The wild boar that I was chewing—a delicious dish flavored with rosemary and black pepper that, according to the emperor, was supposed to heat the blood—turned to dust in my mouth. Instead of its achieving its desired effect, my blood ran cold.

“Is something wrong?” Gallowglass murmured, bending low over my shoulder. He handed me a shawl, which I hadn’t asked for and didn’t know he was carrying.

“Pistorius has been invited upstairs to see the book,” I said, turning my head toward him and speaking in rapid English to reduce the risk of being understood. Gallowglass smelled of sea salt and mint, a bracing and reassuring combination. My nerves steadied.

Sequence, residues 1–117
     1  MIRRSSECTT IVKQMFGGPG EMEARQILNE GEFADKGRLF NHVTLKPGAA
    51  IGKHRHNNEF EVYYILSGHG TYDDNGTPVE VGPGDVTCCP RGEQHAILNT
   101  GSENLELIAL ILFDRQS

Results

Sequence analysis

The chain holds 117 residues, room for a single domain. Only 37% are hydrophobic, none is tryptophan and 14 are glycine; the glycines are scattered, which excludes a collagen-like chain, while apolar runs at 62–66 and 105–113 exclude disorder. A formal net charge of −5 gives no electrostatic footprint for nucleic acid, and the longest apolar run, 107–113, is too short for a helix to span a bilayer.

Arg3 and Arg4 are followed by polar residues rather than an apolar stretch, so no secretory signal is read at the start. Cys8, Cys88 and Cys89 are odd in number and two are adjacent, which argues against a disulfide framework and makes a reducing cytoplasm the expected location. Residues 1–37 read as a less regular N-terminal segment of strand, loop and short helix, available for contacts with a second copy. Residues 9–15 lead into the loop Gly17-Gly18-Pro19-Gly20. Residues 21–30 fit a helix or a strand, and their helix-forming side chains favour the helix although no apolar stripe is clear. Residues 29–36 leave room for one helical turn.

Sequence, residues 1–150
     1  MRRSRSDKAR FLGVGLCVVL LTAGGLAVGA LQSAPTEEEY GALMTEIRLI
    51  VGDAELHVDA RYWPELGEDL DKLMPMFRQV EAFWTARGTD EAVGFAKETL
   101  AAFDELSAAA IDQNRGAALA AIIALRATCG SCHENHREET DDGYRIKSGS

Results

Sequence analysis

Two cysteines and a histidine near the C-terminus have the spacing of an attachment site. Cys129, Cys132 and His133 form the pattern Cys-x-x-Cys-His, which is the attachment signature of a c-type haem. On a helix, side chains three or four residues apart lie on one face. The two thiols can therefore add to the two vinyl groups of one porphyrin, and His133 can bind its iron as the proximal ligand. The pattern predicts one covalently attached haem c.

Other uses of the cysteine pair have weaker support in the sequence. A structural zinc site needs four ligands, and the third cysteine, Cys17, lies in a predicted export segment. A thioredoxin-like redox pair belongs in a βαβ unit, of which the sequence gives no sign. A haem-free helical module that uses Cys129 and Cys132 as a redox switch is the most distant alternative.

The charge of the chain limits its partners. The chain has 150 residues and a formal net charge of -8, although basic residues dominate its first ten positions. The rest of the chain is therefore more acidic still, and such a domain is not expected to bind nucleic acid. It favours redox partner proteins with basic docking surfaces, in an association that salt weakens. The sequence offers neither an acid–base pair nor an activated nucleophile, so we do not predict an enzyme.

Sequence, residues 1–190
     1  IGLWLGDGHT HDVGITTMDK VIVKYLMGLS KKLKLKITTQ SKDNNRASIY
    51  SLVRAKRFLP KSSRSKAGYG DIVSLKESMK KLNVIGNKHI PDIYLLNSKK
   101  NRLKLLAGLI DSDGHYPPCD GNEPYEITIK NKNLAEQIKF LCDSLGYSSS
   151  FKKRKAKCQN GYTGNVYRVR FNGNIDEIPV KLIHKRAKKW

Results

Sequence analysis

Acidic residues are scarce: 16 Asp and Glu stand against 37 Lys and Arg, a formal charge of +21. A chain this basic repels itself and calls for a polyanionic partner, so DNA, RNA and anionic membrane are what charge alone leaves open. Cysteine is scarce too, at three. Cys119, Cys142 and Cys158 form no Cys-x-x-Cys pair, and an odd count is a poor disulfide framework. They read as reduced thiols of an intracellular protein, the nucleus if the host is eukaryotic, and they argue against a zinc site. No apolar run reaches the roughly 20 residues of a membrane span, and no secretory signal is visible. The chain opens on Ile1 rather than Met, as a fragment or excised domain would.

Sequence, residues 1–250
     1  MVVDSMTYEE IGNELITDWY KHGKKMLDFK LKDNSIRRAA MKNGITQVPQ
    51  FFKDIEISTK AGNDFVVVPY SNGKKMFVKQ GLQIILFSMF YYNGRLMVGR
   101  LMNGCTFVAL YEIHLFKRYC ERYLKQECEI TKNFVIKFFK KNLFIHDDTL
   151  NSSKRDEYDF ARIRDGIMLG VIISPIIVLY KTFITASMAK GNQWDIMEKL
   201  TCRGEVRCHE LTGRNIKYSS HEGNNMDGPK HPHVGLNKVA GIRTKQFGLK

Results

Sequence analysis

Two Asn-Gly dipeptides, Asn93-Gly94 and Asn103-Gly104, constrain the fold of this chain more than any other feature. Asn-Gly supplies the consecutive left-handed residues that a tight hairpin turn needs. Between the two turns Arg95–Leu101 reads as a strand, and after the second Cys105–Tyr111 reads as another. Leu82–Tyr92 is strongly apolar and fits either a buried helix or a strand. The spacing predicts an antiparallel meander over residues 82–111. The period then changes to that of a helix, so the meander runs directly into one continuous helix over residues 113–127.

“Leave it to me,” he replied, giving my shoulder a squeeze. “By the way, you’re a bit shiny, Auntie. It would be best if no one saw stars tonight.”

Having delivered his warning shot across the bow, Pistorius turned the conversation to other topics and engaged Dr. H?jek in a lively debate about the medical benefits of theriac. Rudolf divided his time between sneaking melancholic looks at me and glaring at Matthew. The closer we got to seeing Ashmole 782, the less appetite I had, so I made small talk with the noblewoman next to me. It was only after five more courses—including a parade of gilded peacocks and a tableau of roast pork and suckling pigs— that the banquet finally concluded.

“You look pale,” Matthew said, whisking me away from the table.

“Pistorius suspects me.” The man reminded me of Peter Knox and Champier, and for similar reasons. “Intellectual thug” was the perfect description for both of them. “Gallowglass said he would take care of it.”